The US has thrown its support behind negotiations on a treaty to curb plastic pollution, ending a key holdup in international efforts to clean up the planet's oceans and save marine life.
On a visit to the UN Environment Programme in Nairobi, Secretary of State Antony Blinken said the US would back talks in the Kenyan capital in February on a treaty to address plastic.
"Our goal is to create a tool that we can use to protect our oceans and all the life that they sustain from growing global harms of plastic pollution," Mr Blinken said.
"As we know, our health - our survival - is bound up in the health of our oceans. We have to do more to protect them," he said.
About eight million tonnes of plastic end up in the oceans each year, killing or injuring one million birds and more than 100,000 marine mammals, according to UN figures.
Mr Blinken's statement is the latest US effort to ramp up environmental protection under President Joe Biden, who has made the fight against climate change a key domestic priority.
Likely mindful of political realities in divided Washington, where treaties need ratification by the Senate, Mr Blinken called for a plastic treaty in which countries would come up with their own plans of action.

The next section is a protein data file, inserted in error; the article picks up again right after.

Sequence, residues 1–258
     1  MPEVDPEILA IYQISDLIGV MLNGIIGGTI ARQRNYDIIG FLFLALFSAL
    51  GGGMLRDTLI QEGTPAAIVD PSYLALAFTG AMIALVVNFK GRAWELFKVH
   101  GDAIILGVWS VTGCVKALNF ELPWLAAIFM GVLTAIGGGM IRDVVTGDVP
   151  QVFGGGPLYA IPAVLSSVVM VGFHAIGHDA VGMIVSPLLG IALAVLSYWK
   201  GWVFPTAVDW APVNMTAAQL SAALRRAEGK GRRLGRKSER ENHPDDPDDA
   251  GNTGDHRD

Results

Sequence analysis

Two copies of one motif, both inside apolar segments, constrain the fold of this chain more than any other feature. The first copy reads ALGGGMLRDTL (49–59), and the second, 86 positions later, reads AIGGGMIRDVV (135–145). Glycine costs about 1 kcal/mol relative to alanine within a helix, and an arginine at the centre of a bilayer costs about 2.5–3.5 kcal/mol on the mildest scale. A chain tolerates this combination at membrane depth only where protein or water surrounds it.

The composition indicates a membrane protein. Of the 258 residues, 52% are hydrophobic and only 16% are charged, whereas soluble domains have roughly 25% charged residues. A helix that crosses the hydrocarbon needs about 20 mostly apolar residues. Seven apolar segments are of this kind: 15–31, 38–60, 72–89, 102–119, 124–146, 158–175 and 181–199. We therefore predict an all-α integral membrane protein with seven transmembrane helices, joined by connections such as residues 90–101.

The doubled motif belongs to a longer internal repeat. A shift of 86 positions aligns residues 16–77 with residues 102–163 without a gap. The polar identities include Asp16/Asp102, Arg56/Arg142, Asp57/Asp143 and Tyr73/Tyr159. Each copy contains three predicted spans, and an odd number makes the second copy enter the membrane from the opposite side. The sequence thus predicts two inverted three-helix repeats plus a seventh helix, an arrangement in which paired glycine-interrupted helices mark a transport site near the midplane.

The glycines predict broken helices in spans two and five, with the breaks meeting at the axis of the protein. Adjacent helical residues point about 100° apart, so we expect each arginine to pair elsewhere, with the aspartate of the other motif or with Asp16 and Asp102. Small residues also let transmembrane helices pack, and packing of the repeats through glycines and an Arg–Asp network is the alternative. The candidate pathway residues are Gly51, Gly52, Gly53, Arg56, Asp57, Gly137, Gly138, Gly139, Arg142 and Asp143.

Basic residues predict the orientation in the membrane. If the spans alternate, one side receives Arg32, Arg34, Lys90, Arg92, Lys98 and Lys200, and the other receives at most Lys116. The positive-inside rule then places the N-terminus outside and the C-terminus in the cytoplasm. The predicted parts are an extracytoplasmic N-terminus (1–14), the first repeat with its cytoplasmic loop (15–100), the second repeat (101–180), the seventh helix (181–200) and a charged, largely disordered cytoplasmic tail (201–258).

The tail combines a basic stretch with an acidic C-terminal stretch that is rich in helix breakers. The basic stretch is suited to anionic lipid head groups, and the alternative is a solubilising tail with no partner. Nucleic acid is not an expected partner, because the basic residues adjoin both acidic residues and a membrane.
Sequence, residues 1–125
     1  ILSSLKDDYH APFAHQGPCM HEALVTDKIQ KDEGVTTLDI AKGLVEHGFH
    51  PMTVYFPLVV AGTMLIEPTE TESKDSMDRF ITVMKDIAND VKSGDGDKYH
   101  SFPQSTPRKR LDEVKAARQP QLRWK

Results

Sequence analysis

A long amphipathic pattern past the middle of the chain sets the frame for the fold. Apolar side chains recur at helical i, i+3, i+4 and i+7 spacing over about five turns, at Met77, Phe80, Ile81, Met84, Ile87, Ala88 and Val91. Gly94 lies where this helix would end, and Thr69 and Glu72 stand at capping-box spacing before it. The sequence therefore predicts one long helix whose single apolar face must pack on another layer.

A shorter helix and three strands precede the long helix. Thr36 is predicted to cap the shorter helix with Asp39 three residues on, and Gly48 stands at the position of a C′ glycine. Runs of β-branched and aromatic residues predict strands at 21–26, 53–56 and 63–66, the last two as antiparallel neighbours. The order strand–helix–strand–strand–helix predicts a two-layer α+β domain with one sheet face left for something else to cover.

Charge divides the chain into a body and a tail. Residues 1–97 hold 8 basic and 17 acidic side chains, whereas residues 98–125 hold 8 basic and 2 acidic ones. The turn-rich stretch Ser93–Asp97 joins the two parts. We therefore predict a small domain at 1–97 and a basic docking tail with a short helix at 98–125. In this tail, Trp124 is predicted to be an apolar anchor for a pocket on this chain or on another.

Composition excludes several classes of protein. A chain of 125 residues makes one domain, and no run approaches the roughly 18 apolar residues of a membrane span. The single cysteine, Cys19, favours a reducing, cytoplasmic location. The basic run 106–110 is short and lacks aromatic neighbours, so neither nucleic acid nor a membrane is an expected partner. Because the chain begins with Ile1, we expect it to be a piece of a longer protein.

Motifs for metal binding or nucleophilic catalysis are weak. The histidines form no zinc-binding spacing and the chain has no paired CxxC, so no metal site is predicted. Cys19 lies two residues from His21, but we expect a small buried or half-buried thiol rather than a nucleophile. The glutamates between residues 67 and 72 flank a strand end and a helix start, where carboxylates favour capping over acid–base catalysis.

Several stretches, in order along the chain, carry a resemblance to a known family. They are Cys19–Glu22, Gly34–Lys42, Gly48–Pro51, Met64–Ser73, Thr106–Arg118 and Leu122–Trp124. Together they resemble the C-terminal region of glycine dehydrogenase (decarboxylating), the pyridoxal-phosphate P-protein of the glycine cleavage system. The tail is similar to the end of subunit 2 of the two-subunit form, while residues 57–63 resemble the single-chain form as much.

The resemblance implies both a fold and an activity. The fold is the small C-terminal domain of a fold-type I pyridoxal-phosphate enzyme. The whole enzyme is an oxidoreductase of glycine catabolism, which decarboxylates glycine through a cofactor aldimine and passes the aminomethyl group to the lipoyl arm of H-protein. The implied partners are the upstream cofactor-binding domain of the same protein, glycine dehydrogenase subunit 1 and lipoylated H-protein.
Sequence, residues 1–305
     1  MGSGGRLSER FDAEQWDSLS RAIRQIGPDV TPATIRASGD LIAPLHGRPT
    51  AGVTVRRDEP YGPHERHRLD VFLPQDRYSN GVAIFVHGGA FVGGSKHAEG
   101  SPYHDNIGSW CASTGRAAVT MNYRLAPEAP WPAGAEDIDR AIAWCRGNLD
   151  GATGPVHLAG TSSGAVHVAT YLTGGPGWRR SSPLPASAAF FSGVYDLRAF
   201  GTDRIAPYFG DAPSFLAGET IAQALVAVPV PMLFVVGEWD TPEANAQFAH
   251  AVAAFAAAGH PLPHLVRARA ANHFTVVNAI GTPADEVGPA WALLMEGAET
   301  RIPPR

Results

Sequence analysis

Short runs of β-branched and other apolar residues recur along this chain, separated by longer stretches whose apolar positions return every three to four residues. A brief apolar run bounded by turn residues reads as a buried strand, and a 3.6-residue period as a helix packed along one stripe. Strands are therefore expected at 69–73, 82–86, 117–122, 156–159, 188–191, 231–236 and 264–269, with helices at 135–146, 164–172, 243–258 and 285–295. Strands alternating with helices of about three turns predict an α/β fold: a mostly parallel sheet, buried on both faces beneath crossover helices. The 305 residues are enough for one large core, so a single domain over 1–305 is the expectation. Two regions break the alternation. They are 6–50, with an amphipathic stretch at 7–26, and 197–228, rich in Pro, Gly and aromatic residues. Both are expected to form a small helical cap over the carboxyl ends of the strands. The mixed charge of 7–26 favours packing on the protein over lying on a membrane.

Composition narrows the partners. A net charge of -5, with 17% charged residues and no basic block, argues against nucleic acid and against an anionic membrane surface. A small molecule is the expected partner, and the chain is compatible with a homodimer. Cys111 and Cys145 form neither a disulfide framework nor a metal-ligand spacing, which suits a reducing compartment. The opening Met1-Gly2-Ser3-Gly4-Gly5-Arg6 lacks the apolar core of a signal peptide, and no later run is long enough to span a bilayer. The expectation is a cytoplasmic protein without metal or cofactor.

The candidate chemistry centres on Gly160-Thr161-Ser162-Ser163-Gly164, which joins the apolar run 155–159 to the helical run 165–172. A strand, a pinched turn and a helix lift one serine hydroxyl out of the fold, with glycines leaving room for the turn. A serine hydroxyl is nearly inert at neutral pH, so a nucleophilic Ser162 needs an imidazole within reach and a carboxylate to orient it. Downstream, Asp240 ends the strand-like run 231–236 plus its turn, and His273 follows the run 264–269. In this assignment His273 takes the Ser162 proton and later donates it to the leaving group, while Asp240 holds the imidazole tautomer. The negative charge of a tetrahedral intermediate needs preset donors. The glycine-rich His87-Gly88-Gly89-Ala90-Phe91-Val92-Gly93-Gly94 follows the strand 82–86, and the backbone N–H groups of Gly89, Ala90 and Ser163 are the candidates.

The US, however, has seen bipartisan calls to clean up oceans with former president Donald Trump signing an act aimed at curbing plastic pollution in the oceans.
But environmentalists say that the previous administration stymied international efforts by opposing a treaty and blaming the problem squarely on China - a major source of plastic processing but of material often coming from the West.
In 2019, the US did not join around 180 governments which agreed in Geneva to create a legally binding framework to regulate plastic waste.
The US did not vote as it is not party to the Basel Convention, a UN treaty reached in 1989 that regulates the movement of hazardous waste.